January 11, 2017 at 07:35PM

In my last post I outlined my concerns with the idea of ‘thinking hard’ being a good proxy for learning. Briefly, thinking hard about a problem appears to be an inefficient way to alter long-term memory structures. This means that it’s perfectly possible to struggle with a difficult exercise, successfully complete it, and still not have learned how to repeat the process independently. The problem is that ‘thinking hard’ exhausts limited working memory reserves.

In fact – as Daisy Christodoulou states in Making Good Progress? – the evidence on ‘overlearning’ seems to suggest that repeating a task to the point where almost no thought is required in its completion is a better way to change long-term memory:

Overlearning refers to the continued practice on a task after some criterion of mastery on that task has been achieved. A pianist, for example, might continue to practice a piece despite already being able to perform it. (Soderstrom & Bjork, 2013)

Way back in 1929, WCF Krueger showed that overlearning can represent considerable advantages in retention. Subjects were divided into two groups and given a list of words to learn. The first group practised learning the words to the point of mastery – i.e. to the point where they would reliably score 100% on a test – whereas the second group overlearned the list, studying for twice as long as the mastery group. While both groups’ performance was equally good immediately after the period of study, the overlearning group showed much greater retention on a long-term test. In a later study, Krueger showed that long-term performance increases in line with the amount of overlearning during practice: more overlearning equals better retention.

This same effect has been shown to hold true for meaningful prose (Gilbert 1957) as well as motor skills (Adams & Reynolds 1954 and Stelmach 1969). The importance of continuing practice beyond the point where performance no longer seems to improve is well established. Building on this early research, James Driskell and colleagues confirmed the beneficial effects of overlearning across a range of domains and drew the following conclusions:

  1. Although overlearning is beneficial for both cognitive and physical tasks, there was significantly greater benefit in cognitive tasks.
  2. Overlearning material by both 100% and 150% produced ‘strong to moderate’ improvements.
  3. The benefits of overlearning appeared to decrease over time, so that with a delay of 19 days between overlearning and testing resulted in performance falling by as much as 50%. However, if further overlearning were to take place approximately 3 weeks after the first session, improvements were maintained.

This last finding is consistent with what we know about spaced instruction: what we learn is prone to a decay in retrieval strength without topping up on what we have learned.

All of this needs to be filtered through the research on developing expertise. In his wonderfully useful book Peak, K Anders Ericsson, the pre-eminent researcher in the field, has written about the need for both ‘purpose practice’ – practice with the express aim of improving performance – and developing effective ‘mental representations’ of what success looks like.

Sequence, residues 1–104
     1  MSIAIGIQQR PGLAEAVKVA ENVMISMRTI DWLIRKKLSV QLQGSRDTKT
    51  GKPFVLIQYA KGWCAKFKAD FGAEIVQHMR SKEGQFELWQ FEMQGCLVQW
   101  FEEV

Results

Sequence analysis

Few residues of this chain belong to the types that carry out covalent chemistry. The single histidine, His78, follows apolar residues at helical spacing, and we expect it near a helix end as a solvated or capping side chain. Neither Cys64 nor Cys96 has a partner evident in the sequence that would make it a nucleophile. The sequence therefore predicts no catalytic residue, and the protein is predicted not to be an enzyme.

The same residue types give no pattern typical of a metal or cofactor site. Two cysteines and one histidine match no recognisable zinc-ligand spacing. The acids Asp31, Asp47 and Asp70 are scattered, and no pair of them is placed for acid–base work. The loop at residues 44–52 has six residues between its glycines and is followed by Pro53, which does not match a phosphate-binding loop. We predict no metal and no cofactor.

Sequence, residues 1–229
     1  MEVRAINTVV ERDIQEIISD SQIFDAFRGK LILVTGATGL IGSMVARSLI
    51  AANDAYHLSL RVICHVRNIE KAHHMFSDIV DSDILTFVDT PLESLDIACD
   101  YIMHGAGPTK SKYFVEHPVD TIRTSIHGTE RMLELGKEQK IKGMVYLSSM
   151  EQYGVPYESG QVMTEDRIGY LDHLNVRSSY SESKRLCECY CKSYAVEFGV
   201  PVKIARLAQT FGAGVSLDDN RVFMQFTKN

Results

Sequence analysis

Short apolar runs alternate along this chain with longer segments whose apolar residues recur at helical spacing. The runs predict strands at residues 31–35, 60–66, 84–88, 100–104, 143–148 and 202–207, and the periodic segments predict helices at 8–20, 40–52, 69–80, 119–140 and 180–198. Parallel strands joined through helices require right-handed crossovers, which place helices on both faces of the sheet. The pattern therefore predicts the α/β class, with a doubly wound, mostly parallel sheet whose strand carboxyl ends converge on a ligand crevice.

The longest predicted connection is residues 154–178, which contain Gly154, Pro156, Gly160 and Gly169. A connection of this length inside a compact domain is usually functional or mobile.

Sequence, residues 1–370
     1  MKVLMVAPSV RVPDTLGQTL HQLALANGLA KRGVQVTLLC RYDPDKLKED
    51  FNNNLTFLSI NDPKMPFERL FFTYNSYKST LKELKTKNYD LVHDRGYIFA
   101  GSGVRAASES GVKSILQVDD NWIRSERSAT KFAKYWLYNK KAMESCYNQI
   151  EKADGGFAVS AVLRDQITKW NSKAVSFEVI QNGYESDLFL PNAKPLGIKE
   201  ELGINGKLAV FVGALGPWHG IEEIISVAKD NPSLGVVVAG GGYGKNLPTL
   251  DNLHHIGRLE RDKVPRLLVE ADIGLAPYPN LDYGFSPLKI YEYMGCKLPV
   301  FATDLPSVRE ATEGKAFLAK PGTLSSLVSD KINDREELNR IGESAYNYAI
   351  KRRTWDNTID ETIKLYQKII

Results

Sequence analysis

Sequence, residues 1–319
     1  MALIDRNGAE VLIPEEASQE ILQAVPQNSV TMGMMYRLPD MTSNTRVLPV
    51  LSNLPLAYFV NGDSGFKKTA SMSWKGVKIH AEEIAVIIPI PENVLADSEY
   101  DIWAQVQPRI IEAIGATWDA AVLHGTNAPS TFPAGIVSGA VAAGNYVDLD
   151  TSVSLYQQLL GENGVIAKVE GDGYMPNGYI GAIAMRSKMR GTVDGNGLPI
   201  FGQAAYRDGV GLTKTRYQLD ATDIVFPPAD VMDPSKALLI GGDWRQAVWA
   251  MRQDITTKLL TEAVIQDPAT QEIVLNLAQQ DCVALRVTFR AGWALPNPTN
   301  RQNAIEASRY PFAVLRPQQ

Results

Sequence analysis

Purposeful practice

At first glance the guidance on practice seems to contradict these findings about overlearning. Ericsson is clear that the gains from further practice start to disappear when we enter the ‘autonomous stage’ of skill development. Practice only seems to confer improvements to performance when we are in the ‘cognitive stage’ which forces us to concentrate on what we’re doing and be mindful of our performance. However, even though overlearning – practising beyond mastery to the point of automaticity – results in performance plateauing, my suggestion would be that future practice should attempt to overlearn beyond the point of our current ability. If we continue to raise the bar, overlearning should continue to be beneficial.

Mental representations

The idea of having a clear idea of what expert performance is like is crucial. If we practice without knowing what good looks like, we have no internal frame of reference to provide us with feedback on whether we’re making progress. This means that we’re dependent on someone else for this feedback. I’ve argued before that giving feedback can often have a detrimental effect on long-term learning and this is why. The benefits of overlearning may in part be due to creating an increasingly familiar sense of what effortless performance should feel like. If we only practice up to the point of mastery we may not have much experience of what mastery is like, but practising beyond this point could give us that sense of what it must be like to be an expert.

The implications of all of this is that rather than continually raising the bar and expecting students to contend with ever more complex challenges, perhaps we should allow considerably more time for consolidation before moving on to more difficult material. For instance, instead of giving young children increasingly demanding reading books every time they finish one, maybe we should get them to read their book beyond the point of fluency so that they can enjoy the experience of reading without effort? As well as the potential benefits to retention, I think this approach is also likely to improve students’ motivation and enjoyment.

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